"The industry does a great job of collaborating on food-safety issues. Everyone shares their knowledge and experience for the benefit of the entire sector: growers, packers and shippers," Laura Phelps, president of the American Mushroom Institute in Washington, DC, said. "The Food Safety Task Force of the American Mushroom Institute has been reviewing the proposed rules that will implement the Food Safety Modernization Act, and is preparing comments to be filed by the September deadline."
Phelps added that all industry professionals realize that creating a food-safety culture isn't a marketing tool -- it's the way things must be done. And they believe that the industry is only as strong as its weakest link.
Since first drafting its own commodity-specific standards for a Good Agricultural Practices program in 2007, the industry has embraced the employee training, recordkeeping and written operating procedures that the food-safety law will mandate. The Mushroom Good Agricultural Practices program is audited by both the U.S. Department of Agriculture and private third-party auditors.
"U.S. Food & Drug Administration officials toured mushroom farms after the legislation was enacted and talked extensively with researchers at Penn State," said Phelps. "And so, the proposed rules take into account the food-safety processes that are undertaken at mushroom farms."
She added that a wide variety of training materials have been developed with the help of the industry professionals by Penn State and Food Safety Consulting & Training Solutions LLC.
"Most recently a 'Train the Trainer' kit on packinghouse sanitation was released," Phelps noted. "Materials are always made available in English and Spanish. Financial support has been provided by the Pennsylvania Department of Agriculture through USDA Specialty Crop Block grants and by the Mushroom Council.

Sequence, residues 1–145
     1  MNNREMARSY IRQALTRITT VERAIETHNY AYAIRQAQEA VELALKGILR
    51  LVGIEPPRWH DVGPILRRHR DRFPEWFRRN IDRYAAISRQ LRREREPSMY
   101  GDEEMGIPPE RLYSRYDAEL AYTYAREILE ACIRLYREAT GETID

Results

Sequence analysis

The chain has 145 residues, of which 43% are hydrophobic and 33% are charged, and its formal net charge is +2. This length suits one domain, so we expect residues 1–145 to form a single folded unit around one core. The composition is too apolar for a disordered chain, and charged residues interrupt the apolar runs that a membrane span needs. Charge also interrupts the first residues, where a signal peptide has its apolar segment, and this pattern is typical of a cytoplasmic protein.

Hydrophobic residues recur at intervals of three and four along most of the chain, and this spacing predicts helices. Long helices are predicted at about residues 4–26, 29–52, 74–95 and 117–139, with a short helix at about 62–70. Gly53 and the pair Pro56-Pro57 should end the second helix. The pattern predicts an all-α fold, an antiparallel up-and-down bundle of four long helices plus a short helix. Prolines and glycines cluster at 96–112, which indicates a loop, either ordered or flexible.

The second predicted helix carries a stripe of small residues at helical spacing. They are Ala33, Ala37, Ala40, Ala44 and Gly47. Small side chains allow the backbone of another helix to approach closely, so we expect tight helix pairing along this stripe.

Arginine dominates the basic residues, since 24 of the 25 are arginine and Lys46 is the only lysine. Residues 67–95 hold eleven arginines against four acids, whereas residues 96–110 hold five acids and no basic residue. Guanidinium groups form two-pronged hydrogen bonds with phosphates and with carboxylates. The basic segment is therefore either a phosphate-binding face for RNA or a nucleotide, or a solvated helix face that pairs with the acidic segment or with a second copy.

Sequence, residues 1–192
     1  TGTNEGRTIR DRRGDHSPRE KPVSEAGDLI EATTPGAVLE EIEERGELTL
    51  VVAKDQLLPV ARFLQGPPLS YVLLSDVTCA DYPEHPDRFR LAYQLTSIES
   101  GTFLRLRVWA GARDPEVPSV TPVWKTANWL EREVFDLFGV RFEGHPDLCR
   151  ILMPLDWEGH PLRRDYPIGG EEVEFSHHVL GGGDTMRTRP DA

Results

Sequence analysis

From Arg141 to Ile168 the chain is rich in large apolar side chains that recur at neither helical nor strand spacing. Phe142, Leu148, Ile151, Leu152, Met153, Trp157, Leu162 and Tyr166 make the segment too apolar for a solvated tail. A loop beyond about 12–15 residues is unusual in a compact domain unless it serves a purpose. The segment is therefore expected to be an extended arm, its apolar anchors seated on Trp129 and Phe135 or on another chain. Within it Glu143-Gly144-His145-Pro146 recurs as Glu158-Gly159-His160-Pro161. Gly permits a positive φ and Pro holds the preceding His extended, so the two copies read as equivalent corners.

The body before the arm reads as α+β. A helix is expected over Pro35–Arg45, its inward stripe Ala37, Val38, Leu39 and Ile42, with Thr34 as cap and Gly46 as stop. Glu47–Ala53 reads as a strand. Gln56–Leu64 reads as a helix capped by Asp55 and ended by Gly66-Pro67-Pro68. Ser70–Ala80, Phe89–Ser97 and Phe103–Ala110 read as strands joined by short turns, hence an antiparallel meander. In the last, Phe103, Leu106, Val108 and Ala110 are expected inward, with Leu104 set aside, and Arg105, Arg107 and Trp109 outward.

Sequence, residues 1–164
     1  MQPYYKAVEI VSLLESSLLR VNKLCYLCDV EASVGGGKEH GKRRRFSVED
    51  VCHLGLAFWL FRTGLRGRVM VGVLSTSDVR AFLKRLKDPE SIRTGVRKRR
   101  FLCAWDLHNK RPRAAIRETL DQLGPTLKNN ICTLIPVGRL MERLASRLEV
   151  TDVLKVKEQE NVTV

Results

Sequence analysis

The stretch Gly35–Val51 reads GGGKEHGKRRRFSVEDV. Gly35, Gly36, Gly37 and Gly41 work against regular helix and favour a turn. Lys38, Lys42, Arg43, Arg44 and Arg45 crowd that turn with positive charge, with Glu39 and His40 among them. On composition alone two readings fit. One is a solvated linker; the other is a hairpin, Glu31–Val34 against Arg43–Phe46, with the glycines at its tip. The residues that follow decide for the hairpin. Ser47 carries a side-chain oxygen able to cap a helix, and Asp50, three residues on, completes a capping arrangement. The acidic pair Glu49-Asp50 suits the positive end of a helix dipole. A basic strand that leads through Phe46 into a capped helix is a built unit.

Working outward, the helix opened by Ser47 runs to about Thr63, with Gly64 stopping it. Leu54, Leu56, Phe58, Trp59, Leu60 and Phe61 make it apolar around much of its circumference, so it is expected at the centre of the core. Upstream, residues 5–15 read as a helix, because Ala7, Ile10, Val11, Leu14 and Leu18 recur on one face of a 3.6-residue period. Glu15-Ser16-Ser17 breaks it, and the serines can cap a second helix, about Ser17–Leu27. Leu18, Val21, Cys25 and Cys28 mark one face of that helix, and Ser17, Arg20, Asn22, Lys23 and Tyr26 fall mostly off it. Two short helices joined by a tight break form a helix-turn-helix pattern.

Phelps also offered the summer update on the mushroom industry. She said that even though mushrooms are grown indoors, the extreme heat wave being experienced across the country can affect mushroom production and quality.
"Each growing room is climate-controlled," she said. "Just as it's difficult to keep your house cool right now, the mushroom houses are experiencing the same problem. Growers are turning to portable air-conditioning units and generators for additional cooling power to keep the rooms at 62 degrees.
"And as harvesters and equipment go in and out of rooms, keeping a constant indoor temperature when it's in the 90s outside is difficult," she continued. "These conditions can lead to some loss of quality in the mushrooms that are being harvested over this time period. Unfortunately, growers may also see some reduction in future yields."
Phelps further explained that the growing medium, or substrate, used for mushroom production goes through an outdoor composting process. High temperatures and dry conditions can affect this process by affecting the substrate to be used in the coming weeks or months to grow mushrooms.
"Shippers and receivers should closely monitor and maintain the cold chain as mushrooms are transported through the supply chain," Phelps offered. "This includes open trailer doors during deliveries. This leads to temperature fluctuations and condensation which speeds spoilage. It is also critical that mushrooms are immediately put into refrigerated coolers upon delivery to maximize quality and shelf life."